[Haskell-cafe] Equational Reasoning goes wrong
Jonathan Cast
jcast at ou.edu
Sun Jul 22 23:02:10 EDT 2007
It seems to me that the best answer, rather than constraining equational
reasoning, is to recognize what we're doing.
We start out with a specification for the program we're writing (this could be
a Haskell script for a previous version of the program, or just a set of
equations (or other properties) we hope it satisfies). This specification is
a predicate on (denotations of) Haskell functions, say S(f).
We then derive an implementation of the program. This implementation is also
a predicate, I(f). By saying we have derived this implementation, we mean
that S(f) => I(f). By contrast, the program is correct (our reasoning was
pointful) iff I(f) => S(f).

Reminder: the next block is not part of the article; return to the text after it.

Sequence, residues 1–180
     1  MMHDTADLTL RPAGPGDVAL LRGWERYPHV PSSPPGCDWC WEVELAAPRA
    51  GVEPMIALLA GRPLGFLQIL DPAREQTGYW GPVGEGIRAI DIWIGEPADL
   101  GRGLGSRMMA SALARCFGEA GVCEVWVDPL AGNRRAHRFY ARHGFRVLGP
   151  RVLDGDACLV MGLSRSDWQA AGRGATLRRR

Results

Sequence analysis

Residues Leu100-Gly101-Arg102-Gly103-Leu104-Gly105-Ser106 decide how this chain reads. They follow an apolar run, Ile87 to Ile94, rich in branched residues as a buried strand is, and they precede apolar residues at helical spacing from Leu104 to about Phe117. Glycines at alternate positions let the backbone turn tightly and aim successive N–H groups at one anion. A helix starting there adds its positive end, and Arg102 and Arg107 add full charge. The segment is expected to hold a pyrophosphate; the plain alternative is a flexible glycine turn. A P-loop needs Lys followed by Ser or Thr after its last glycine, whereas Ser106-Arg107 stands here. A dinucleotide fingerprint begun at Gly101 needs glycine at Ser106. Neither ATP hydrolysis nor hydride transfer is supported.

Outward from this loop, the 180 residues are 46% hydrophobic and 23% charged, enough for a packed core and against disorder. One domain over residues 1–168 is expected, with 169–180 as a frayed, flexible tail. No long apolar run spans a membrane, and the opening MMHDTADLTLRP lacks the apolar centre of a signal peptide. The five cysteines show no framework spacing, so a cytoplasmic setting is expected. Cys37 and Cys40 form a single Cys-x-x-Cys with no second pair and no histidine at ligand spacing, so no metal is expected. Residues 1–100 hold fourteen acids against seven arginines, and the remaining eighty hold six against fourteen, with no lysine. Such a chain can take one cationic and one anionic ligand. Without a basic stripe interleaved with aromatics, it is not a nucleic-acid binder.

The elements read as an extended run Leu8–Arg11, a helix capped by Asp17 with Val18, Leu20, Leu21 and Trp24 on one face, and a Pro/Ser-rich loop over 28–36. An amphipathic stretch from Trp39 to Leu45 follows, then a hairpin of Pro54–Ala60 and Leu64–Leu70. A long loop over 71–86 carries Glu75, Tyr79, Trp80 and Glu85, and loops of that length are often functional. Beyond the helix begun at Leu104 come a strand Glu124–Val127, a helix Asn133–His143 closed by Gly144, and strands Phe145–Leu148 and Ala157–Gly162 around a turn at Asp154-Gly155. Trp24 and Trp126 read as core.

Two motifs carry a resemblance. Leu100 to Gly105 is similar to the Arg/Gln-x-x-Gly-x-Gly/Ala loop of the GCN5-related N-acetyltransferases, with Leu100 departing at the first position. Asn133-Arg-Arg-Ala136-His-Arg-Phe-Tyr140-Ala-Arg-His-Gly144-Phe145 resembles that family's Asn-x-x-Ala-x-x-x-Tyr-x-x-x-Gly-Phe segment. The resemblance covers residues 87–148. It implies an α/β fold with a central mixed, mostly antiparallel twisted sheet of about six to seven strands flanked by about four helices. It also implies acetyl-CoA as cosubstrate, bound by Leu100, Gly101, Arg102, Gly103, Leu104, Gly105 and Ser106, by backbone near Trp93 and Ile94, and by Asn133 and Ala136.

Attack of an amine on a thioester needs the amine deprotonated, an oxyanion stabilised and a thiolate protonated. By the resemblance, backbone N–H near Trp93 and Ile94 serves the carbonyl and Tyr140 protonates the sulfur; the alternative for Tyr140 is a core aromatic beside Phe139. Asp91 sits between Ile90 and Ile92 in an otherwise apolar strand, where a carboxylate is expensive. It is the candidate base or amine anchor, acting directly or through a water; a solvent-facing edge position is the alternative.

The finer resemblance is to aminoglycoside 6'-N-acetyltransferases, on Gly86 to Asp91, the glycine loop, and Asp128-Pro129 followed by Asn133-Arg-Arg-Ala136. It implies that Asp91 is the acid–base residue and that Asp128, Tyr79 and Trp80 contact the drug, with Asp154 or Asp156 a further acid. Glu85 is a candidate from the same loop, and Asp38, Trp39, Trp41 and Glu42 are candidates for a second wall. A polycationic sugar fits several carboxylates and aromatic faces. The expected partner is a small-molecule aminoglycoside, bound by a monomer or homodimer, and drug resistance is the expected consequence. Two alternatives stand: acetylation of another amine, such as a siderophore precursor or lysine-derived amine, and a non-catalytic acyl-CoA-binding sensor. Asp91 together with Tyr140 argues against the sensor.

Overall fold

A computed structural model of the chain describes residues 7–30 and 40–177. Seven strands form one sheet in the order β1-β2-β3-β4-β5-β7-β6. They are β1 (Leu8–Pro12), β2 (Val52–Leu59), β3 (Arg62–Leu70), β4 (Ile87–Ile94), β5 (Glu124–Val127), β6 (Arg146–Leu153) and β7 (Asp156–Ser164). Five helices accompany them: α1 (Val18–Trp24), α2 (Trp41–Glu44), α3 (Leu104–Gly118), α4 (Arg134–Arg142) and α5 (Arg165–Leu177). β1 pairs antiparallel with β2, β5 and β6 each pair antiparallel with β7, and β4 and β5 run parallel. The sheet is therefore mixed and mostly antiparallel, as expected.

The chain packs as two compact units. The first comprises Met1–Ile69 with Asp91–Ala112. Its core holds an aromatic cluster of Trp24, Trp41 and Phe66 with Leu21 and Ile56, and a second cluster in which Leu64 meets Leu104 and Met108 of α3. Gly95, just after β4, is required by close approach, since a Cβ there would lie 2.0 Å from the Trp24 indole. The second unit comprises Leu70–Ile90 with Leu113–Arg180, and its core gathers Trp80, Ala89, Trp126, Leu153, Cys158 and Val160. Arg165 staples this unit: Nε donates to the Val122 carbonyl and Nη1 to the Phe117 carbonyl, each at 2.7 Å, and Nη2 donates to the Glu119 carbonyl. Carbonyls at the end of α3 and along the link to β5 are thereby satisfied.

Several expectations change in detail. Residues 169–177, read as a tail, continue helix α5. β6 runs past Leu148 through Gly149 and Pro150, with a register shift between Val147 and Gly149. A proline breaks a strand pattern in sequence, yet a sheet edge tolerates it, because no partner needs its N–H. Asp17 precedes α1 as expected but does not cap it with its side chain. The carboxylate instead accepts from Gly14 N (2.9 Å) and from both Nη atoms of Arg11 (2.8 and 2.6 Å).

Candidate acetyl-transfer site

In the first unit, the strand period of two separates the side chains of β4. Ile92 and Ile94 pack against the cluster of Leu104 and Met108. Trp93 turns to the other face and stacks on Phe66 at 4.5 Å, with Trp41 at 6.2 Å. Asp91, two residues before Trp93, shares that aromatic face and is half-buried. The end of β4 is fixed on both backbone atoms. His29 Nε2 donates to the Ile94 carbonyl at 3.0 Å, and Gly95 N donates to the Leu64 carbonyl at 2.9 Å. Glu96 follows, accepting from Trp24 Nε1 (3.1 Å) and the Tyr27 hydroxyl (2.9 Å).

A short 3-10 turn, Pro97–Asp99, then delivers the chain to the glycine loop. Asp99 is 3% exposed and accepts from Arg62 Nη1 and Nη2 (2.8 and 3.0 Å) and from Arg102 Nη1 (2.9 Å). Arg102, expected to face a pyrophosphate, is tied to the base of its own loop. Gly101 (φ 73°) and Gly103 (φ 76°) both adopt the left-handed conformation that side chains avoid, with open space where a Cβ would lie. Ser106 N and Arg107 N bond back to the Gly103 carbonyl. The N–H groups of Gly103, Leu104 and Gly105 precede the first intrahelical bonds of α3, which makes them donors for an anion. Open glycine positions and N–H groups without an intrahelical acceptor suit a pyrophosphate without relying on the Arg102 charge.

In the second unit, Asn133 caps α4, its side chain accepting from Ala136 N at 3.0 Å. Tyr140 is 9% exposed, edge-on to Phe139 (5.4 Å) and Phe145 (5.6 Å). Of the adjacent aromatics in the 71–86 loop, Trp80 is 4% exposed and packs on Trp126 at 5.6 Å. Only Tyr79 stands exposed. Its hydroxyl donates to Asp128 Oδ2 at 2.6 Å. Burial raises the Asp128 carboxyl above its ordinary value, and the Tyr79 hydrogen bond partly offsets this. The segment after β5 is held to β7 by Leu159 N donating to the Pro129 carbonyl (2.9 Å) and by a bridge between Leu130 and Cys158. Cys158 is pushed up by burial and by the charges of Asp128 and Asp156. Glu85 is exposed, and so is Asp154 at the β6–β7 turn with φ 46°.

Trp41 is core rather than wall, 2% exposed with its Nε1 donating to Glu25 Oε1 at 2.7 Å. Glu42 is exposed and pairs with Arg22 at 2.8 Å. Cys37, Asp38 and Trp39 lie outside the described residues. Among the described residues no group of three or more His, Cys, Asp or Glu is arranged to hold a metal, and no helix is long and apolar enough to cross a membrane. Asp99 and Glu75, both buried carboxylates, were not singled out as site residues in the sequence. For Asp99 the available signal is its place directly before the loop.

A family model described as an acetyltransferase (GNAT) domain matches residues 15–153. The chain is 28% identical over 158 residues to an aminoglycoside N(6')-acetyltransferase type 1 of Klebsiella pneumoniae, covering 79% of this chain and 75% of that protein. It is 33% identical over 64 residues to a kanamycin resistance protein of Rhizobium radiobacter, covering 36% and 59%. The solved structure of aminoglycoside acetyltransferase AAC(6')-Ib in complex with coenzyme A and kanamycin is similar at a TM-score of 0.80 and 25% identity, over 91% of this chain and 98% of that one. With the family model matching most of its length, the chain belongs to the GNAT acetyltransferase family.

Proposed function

This can be guaranteed given the two conditions set forth by John Hughes
in "The Design of a Pretty-Printing Library", consistency of the
specification and termination of the implementation. More precisely, we want
the two conditions:
(1) There is at least one function f such that S(f).
(2) There is at most one function f such that I(f).
Given (2), we know that {f | I(f)} is either a singleton set or the null set.
In either case, the powerset P({f | I(f)}) = {{}, {f | I(f)}}. Now, S(f) =>
I(f), so {f | S(f)} subset {f | I(f)}; thus, {f | S(f)} is either {} or {f |
I(f)}. If there is at least one f such that S(f), then {f | S(f)} /= {}, so
{f | S(f)} = {f | I(f)}, or equivalently S(f) = I(f), so I(f) => S(f).
So if our specification is consistent and our implementation is as total as
possible (which is equivalent to (2)), the derivation/re-factoring/whatever
we're doing succeeds. Otherwise we've got either a bad specification or a
bad implementation, anyway, so we'll need to investigate the issue in greater
detail.
Jonathan Cast
http://sourceforge.net/projects/fid-core
http://sourceforge.net/projects/fid-emacs
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